@ Maryland Zoo

@ Maryland Zoo

A major challenge to Rutledge was the lack of funding available to keep up the zoo’s improvements. “We grew our operating budget and the public not only came in larger numbers but stayed for longer and spent more money,” he commented. “However, we did everything on a fairly small budget. Baltimore wasn’t used to spending much money on the zoo and it took a while to change it. we had to get people to recognize it wasn’t an inner city zoo but a regional attraction. We were unable to do more for many of the animals I wanted to do more for but we only got as far as we got.”

@ Maryland Zoo

Despite this, Rutledge continued to make things happen at the Maryland Zoo. He not only increased the zoo’s quality but also its conservation initiative. “We became engaged in the larger array of international trips to get people educated than any zoo in the country,” Rutledge remarked. “We also engaged in local conservation with woodrats and others who needed attention. We did conservation in Africa and Asia too.” Onsite, the zoo began construction of exhibits for chimpanzees and leopards as well as an aviary.

@ Maryland Zoo

By 1994, Brian Rutledge had serious differences with the Maryland Zoo’s board of directors. “They wanted it to become more of an attraction than a conservation education institution,” he elaborated. “There was interest in things like white tigers, which are like a genetic sport. We need to be teaching about nature.” Frustrated, he resigned in the middle of the year. “It was time for me to go,” Rutledge reflected. “I’m very proud of what the team did there. We worked really hard to change it around.”

@ Maryland Zoo

One of the people who he credits the most for his success at the Maryland Zoo was William Donald Shaffer, Baltimore’s mayor and later the governor of Maryland. “Shaffer wanted what was best for his people,” Rutledge stated. “One of the best things that ever happened in Baltimore is when I first got there I got in a fight with Shaffer and he was impressed I stood up to him. He let me do more of the zoo than he ever would have if not for that fight. When he was done, I left.”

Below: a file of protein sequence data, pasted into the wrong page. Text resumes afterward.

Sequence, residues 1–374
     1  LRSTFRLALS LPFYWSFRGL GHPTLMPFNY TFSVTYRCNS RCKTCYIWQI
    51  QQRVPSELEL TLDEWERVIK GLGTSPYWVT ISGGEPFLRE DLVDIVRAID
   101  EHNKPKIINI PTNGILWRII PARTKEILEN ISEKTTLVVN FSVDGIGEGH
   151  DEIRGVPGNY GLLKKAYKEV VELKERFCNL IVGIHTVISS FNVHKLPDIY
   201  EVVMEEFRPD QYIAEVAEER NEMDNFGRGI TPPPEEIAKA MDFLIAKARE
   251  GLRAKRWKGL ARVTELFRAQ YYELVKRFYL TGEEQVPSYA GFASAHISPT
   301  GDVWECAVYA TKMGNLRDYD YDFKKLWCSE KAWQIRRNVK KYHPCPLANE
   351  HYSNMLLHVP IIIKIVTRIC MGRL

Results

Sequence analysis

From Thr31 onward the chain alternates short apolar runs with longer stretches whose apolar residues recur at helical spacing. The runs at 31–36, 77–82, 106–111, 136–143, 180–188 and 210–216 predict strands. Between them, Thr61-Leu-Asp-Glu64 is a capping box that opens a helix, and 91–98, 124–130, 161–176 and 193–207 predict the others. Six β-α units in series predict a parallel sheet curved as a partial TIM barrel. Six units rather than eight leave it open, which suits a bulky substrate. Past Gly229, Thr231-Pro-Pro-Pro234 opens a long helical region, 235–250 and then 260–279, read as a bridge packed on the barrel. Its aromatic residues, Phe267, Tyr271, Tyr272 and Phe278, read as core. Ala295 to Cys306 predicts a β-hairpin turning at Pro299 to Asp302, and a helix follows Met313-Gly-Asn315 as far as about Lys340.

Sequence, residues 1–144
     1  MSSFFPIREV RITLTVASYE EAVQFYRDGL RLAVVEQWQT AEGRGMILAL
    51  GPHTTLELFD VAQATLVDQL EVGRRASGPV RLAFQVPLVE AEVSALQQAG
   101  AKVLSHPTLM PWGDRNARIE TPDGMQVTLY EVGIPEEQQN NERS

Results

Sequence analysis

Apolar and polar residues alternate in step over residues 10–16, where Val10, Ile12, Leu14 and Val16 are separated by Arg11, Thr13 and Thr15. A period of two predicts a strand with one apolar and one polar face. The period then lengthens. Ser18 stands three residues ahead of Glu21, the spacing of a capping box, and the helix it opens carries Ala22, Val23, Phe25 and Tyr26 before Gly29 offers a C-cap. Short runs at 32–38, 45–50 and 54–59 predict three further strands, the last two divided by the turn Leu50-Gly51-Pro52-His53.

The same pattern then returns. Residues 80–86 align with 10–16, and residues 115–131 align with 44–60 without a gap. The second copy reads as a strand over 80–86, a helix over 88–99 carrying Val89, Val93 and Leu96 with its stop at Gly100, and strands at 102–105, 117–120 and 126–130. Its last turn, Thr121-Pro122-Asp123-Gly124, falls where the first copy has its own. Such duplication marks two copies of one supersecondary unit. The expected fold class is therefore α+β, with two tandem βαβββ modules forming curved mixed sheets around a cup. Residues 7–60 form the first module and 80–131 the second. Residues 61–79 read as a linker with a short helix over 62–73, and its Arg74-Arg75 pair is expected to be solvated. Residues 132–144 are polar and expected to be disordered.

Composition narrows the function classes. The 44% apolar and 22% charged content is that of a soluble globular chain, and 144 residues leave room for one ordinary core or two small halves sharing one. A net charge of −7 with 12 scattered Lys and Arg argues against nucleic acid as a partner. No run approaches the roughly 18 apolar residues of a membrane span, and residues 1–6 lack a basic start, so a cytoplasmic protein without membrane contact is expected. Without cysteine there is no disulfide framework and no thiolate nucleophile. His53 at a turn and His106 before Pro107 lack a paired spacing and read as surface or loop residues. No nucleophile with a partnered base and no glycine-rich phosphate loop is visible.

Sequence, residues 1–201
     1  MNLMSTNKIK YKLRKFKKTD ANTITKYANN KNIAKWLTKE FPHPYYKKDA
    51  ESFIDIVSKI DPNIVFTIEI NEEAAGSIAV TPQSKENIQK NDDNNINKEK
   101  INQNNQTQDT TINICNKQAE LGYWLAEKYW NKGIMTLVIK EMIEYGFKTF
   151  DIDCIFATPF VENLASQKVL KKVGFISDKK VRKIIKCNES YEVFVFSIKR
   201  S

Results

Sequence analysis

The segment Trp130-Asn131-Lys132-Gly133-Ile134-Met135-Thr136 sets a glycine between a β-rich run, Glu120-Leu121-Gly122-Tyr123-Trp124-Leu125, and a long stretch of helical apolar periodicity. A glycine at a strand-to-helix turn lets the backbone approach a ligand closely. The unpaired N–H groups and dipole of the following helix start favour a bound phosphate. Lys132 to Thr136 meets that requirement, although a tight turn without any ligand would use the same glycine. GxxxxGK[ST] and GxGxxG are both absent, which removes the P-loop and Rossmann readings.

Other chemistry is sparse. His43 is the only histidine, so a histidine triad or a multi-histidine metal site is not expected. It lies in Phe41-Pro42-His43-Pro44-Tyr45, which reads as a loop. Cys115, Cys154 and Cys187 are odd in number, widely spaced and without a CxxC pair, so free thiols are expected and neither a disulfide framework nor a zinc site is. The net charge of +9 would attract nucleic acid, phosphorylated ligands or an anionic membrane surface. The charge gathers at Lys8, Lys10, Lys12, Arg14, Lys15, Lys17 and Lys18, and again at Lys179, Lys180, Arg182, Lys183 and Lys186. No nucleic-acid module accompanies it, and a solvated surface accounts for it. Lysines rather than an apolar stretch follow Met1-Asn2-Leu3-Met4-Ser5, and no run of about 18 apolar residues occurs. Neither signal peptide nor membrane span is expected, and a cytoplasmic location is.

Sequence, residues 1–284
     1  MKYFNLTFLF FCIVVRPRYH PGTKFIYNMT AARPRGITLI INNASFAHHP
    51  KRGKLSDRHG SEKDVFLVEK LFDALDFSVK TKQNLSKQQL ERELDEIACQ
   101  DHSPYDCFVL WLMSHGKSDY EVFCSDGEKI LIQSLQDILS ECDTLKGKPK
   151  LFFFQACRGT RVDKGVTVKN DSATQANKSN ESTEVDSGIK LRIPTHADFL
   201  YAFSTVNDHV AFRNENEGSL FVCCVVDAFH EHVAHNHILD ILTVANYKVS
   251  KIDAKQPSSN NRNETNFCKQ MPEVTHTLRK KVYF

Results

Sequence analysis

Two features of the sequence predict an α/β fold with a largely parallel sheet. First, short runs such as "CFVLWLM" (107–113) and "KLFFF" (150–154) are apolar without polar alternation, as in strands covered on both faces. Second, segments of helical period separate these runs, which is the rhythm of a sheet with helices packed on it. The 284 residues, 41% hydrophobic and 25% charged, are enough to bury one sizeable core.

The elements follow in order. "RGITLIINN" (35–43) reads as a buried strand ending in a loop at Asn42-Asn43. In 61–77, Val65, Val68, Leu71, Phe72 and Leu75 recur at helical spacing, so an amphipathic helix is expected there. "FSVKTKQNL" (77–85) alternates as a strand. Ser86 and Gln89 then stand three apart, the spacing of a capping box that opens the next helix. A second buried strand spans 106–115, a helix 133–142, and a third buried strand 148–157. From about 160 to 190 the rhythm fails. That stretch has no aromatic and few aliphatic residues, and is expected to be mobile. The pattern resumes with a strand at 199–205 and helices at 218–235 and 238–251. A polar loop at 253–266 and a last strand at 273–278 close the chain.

@ Maryland Zoo

In 1996, Rutledge was recruited to be director of Zoo New England in Boston, which oversees the Franklin Park and Stone Zoos. “When I came the New England zoos were state municipal zoos with a lot of open space,” he remembered. “The animals had very little of the zoo and the budget was not in much different than the one in Baltimore. My focus when I went into zoos was to turn them around from zoos in trouble. We didn’t have as much to work with for awhile but we made quite a difference in those zoos.”

@ Zoo New England

Despite being a major city, Brian Rutledge learned finding community support, enthusiasm and funding for the zoo was minimal. “It was a tough situation,” he reflected. “It was a very difficult community to work in. They were not receptive to turning the zoo around.” Much of the Franklin Park Zoo’s problems came from years of insufficient funding, low attendance and lack of maintenance and development. The zoo also was in the red for years because of spending $26 million on the indoor Tropical Rainforest building in 1989, what was supposed to be only one of a series of buildings. “The Rainforest was a huge expense to build and a huge expense to operate,” Rutledge added. “We made it better while I was there but it was very limited in the way it was built. We tried to design an outdoor gorilla yard to add to it but people didn’t get convinced it was worth it. We were able to modify the interior and did great things with the wild dogs and cheetahs outside though.”